I often underestimate the power of a bath. Whenever I wasn’t feeling well as a kid, the answer was always to have a warm bath. I did, in fact, feel much better afterward. But I tend to forget about that feeling these days until I finally settle into the warm water, and the reassuring memories return.
Baths are great for all sorts of ailments from cold and flu to achy, sore muscles, and everything in between. And DIY bath salts are super simple and inexpensive to make at home.
How to make bath salts with essential oils
A great all-purpose bath salt is made with 2 parts Epsom salt, 2 parts kosher salt, and 1 part baking soda. The salts contain minerals that are absorbed through the skin to help ease muscle soreness and relieve tension, while the baking soda soothes the skin surface.
Kosher salt is my bath salt of choice because it contains a plethora of vitamins and minerals that are great for skin. Plus, it has a very fine grain, so it dissolves quickly under running water. But feel free to use any natural salt you like.
This not-really-a-salt salt is a great source of magnesium, a mineral that has many benefits. Magnesium helps your body produce energy, and when you’re deficient, you might feel more anxious, experience more painful PMS symptoms, and have muscle aches [source].
An Epsom salt soak is a simple way to boost magnesium levels because it can be absorbed into the skin while you bathe. Just make sure you do not use magnesium internally because it can be toxic [source].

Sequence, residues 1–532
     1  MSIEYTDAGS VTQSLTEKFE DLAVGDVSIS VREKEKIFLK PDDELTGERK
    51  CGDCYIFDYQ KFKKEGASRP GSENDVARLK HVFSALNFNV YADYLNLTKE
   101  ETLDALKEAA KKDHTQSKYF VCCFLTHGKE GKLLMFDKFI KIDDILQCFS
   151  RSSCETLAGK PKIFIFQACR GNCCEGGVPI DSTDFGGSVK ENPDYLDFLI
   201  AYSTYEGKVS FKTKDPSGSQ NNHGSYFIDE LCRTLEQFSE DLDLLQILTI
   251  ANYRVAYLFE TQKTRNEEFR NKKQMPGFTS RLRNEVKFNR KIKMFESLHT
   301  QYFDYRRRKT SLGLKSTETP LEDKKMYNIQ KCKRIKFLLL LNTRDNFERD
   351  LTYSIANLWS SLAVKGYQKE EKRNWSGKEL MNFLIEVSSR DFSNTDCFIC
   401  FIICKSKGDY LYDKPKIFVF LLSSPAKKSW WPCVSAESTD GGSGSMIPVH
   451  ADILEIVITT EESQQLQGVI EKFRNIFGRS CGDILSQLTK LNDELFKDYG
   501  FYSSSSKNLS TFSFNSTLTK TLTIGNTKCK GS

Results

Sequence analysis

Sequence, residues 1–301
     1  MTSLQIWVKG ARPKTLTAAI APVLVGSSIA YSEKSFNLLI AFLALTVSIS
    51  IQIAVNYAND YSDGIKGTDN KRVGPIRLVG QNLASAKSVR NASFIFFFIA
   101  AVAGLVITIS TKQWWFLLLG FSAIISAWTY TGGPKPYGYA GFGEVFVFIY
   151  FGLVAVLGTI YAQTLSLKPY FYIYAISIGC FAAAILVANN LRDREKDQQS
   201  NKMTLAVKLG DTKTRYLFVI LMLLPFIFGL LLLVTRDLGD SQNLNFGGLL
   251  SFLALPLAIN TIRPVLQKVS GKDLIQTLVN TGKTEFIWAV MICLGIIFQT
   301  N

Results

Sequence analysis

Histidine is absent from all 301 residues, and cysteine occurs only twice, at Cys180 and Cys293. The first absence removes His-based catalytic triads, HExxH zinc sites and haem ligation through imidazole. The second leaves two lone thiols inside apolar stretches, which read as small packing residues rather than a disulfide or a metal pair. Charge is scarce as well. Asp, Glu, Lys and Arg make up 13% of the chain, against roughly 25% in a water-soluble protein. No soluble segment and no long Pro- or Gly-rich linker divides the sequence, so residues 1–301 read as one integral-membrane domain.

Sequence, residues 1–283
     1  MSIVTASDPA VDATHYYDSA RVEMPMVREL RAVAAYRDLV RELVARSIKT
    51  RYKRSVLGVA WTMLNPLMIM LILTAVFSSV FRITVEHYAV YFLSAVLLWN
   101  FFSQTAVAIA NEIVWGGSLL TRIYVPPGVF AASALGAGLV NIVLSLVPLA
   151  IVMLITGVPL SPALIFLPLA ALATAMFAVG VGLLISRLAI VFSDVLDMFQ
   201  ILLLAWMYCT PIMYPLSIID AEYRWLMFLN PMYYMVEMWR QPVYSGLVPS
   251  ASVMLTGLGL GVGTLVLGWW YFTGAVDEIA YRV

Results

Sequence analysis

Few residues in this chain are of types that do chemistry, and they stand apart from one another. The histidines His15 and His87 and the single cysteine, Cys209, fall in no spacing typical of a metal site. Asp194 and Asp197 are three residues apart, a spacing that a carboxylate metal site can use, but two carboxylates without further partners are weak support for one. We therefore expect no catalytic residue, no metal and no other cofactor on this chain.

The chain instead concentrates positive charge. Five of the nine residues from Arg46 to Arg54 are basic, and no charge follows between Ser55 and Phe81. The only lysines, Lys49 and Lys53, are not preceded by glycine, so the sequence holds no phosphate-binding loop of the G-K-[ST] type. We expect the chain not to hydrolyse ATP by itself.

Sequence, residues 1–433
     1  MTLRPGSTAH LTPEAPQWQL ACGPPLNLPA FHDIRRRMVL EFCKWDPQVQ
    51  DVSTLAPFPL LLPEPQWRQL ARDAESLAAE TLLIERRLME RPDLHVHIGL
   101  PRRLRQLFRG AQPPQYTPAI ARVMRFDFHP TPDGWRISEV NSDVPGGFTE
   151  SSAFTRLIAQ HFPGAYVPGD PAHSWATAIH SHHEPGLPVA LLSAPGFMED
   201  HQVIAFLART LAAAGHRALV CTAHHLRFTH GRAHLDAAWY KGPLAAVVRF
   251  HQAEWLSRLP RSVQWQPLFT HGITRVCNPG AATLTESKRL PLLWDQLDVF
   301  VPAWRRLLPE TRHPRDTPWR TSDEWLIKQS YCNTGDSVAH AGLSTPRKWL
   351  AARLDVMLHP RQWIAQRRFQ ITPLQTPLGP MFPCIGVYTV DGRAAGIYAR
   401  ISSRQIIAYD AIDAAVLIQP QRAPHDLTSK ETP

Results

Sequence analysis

Baking soda helps prevent the bath from being too irritating to the skin. As soon as you add baking soda to water, you can feel the difference—the water feels a little silkier, without being outright slippery on your skin. Taking a baking soda bath can reduce skin irritation, scaly skin, and itching, too [source].
Ready to add essential oils to your bath? Infusing bath salts adds aromatherapy benefits. And, depending on the blend you decide to use, they can help with relaxation, better sleep, clearing the mind, rejuvenation, and even relief for stuffy noses [source].
It just so happens that these are a few of my favorite blends. Don’t feel like you have to stick to these particular ones, though. Feel free to make up your own blends using any combination of essential oils you already have on hand.
- Clear breathing: Combine eucalyptus and peppermint
- Romantic: Use a blend of rose absolute, cardamom, and vanilla
- Relax: Mix up clary sage, bergamot, lavender, and Roman chamomile
- Clear your mind: Nix anxious thoughts with lemon and rosemary
- Balancing: Invite calm with sage, mint, and tea tree
- Calming: Make a peaceful blend with Egyptian geranium, lavender, and rose absolute
- Sore muscles: Combine juniper berry, lavender, and ylang ylang
- Energizing: Try lemon, sweet orange, and rosemary
- Stress relief: Blend lemon, clove bud, cedarwood, and orange essence
Important note: The time to add your bath salts is after the bath is full, and you’re in it. If you add them while the water is running, then the aromatherapy scents will evaporate before you get into the tub.